Limelight Projection 674

Limit of Amperage 292

Lining Cam and Sprocket Shafts 466

Lining the Optical System 112

Lining the Sprockets 460

Location of Operating Room Ports 215

Loss Through Resistance 41, 334

Lugs, Wire Terminal 87, 88

Magnetic Field, Definition of 22

Martin Rotary Converter 405

Matching Up Lens System 113

Measuring Film 210

Measuring Lenses 104

Measuring Wires 48

Mechanism, The (See "Projector") 457

Mechanism, The, General Instructions 457

Meter, Reading 657

Mill-foot Standard of Resistance 42

Minusa Screen 187

Mirror Screen 185

Mirroroid Screen 187

Mortimer Film Cleaner 206

Moistening Dry Film 204

Motiograph, Instructions for 528

Motor Drive.

Do Not Belt to Fly Wheel 277

Elbert 275

Home-made 279

Multiple Clutch 277

Preddy ' 276

Wallstad Projection Stand 280

Spring Switch 274

Motor Driven Machines 273

Motor Generator.

Ammeter and Voltmeter 372

Bearings Run Hot. . . '. 381

Care of Commutator 372

Fort Wayne 382

General Instructions 368

Hallberg's D. C to D. C. Economizer 415

Hallberg's Twentieth Century 419

viii

FOR MANAGERS AND OPERATORS

Motor Generator (Continued). PAGE

Heating 381

Locating Installation 368

Martin Rotary Converter 405

Oil 371

Sparking 374

Wagner Rotary Converter 407

Wotton Rexolux 395

Multiple Arc System 55

Musicians 663

Musicians, Light for 634

Objective Lens, Cleaning 108

Objective Lens, Description of 99

Objective Lens, Test for Distortion 100

Ohm, Definition of 20

Ohm, Explanation of 27

Oil for Projector 457

Operating Room 210

Door 213

Equipment 231

Film Storage 596

Floor 214

Model Installations : 244-6-7-8-9

Observation Port 219

Ports 215

Size of Feed Wires 239

Supplies 232, 234

Toilet Conveniences 232

Vent Flue 227

Ventilation 228

Wiring 239

Operator Remaining at Machine 235, 279

Operator's License 617

Operator's Report 623

Operator's Tool Kit 237

Optical Axis, Definition of 91

Optical System, Lining Up of 112

Outlining Screen with Black 178

Overspeeding 151

Persistence of Vision 472

Polarity 5

Changer 252

Definition of 21

Explanation of 24

Ports.

For Operating Room 215

Glass in [ 230

Observation , 7j9

Shutters for ' 222

ix

MOTION PICTURE HANDBOOK

PAGE

Power's 6B, Instructions for 491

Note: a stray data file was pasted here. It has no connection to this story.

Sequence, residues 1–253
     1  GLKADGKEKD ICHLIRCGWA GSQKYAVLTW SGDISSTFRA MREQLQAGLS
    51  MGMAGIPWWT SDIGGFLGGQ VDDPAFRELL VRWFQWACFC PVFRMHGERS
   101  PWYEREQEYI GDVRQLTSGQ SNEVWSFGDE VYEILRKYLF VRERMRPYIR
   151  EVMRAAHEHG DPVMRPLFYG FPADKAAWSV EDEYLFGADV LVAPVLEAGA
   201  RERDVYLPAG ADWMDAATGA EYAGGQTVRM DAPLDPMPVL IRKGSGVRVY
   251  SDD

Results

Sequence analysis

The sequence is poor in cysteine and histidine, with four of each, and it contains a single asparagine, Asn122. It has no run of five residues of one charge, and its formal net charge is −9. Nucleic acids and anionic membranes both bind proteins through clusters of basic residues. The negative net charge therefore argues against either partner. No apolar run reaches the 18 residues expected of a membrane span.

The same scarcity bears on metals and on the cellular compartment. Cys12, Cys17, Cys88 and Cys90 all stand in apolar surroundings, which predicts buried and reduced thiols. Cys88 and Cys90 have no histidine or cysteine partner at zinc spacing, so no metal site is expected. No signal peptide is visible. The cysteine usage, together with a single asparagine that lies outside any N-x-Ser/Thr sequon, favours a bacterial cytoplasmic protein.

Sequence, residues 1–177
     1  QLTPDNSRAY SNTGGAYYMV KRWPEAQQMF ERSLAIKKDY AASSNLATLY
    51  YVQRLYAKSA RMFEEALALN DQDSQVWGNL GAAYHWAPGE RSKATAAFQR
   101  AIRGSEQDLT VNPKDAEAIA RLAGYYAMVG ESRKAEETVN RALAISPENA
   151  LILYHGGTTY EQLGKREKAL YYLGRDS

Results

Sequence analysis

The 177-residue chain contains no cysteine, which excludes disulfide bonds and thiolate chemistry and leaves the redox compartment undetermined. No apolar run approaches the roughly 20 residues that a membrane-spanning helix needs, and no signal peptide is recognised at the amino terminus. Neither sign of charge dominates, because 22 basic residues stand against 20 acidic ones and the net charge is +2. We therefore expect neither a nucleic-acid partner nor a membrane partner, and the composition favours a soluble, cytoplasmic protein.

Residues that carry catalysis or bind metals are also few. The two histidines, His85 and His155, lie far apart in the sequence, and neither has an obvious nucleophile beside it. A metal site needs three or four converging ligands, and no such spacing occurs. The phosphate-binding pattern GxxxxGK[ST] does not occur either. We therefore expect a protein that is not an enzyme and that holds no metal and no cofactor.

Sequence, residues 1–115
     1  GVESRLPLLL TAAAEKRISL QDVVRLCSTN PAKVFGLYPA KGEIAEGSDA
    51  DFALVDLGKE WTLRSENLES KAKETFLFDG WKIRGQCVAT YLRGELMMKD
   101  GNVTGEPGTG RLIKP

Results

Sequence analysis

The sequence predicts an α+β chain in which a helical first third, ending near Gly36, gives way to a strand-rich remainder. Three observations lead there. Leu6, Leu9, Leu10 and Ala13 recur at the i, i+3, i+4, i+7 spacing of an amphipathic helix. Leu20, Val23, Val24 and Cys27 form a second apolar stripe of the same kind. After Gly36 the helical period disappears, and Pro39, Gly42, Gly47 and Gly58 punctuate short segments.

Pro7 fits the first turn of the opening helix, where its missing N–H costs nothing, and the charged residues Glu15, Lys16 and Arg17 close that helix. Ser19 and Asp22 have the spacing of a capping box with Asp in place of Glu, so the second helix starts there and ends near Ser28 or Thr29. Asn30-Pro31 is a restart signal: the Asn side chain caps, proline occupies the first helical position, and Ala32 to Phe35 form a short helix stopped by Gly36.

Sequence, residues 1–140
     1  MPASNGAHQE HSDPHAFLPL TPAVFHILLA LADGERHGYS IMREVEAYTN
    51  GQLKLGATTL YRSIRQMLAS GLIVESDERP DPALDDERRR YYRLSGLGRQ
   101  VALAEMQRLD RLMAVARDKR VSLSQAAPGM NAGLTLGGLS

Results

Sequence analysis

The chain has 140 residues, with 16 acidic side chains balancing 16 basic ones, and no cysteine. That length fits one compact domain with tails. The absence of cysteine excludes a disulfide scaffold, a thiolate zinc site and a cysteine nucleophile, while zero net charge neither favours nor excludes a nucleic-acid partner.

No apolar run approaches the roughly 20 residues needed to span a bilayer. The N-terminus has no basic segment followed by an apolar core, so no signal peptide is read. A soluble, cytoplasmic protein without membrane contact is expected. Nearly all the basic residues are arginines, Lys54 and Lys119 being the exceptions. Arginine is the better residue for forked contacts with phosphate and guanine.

Preddy Economizer 363

Projection 147

By Limelight 674

No Excuse for Shadows 149

Overspeeding 151

Projector, The 262

Adjusting Intermittent 461

Adjusting Sprocket Idlers 466

Adjusting Top Gate Idler 462

American Standard, Instructions for 566

Baird, Instructions 546

Edison, Model D, Instructions 579

Edison Super-Kinetoscope 477

Eliminating Keystone Effect 469

Emulsion Deposit on Tension Springs 464

End Play in Intermittent Sprocket 462

Extra Framing Carriage 462

Handling Small Screws 476

In and Out of Focus, Cause 466

Lining Magazines of 467

Lining the Sprockets 460

Lining Sprocket and Cam Shafts 466

Motiograph 528

Oil for 457

Power's 6B 491

Reels for Operating Room 467

Revolving Shutter 469

Shutter and A. C 473

Standard Aperture Size 476

Take Up 592

Take-Up Adjustment 459

Tension, Adjustment of 463

Threading the Machine 594

Upper Magazine Tension 468

Worn Aperture Plate Tracks 465

Worn Sprocket Teeth 462

Properties of Conductors 40

Properties of Resistance Metals 40

Radium Gold Fibre Screen 188

Rectifier.

Comparative Results 432

General Electric 434

Installation 431

Light in Operating Room Objectionable 432

Mercury Arc 428

Trouble Chart 433

Tube, Operating Principle 429

Westinghouse 446

Reflection, Regular and Diffuse 168

Refraction, Definition of 92

x

FOR MANAGERS AND OPERATORS

PAGE

Relative Efficiency A. C. and D. C 291, 294

Report, Operator's 623

Resistance 34

As Applied to Projection Circuit 322

Circuits, of, Figuring It 44

Copper Wire, of 43

Definition of 21

Devices 337

Different Metals, of 38

How It Acts 34

Loss Through 41, 334

Materials, Properties of 40

Metals, Properties of 40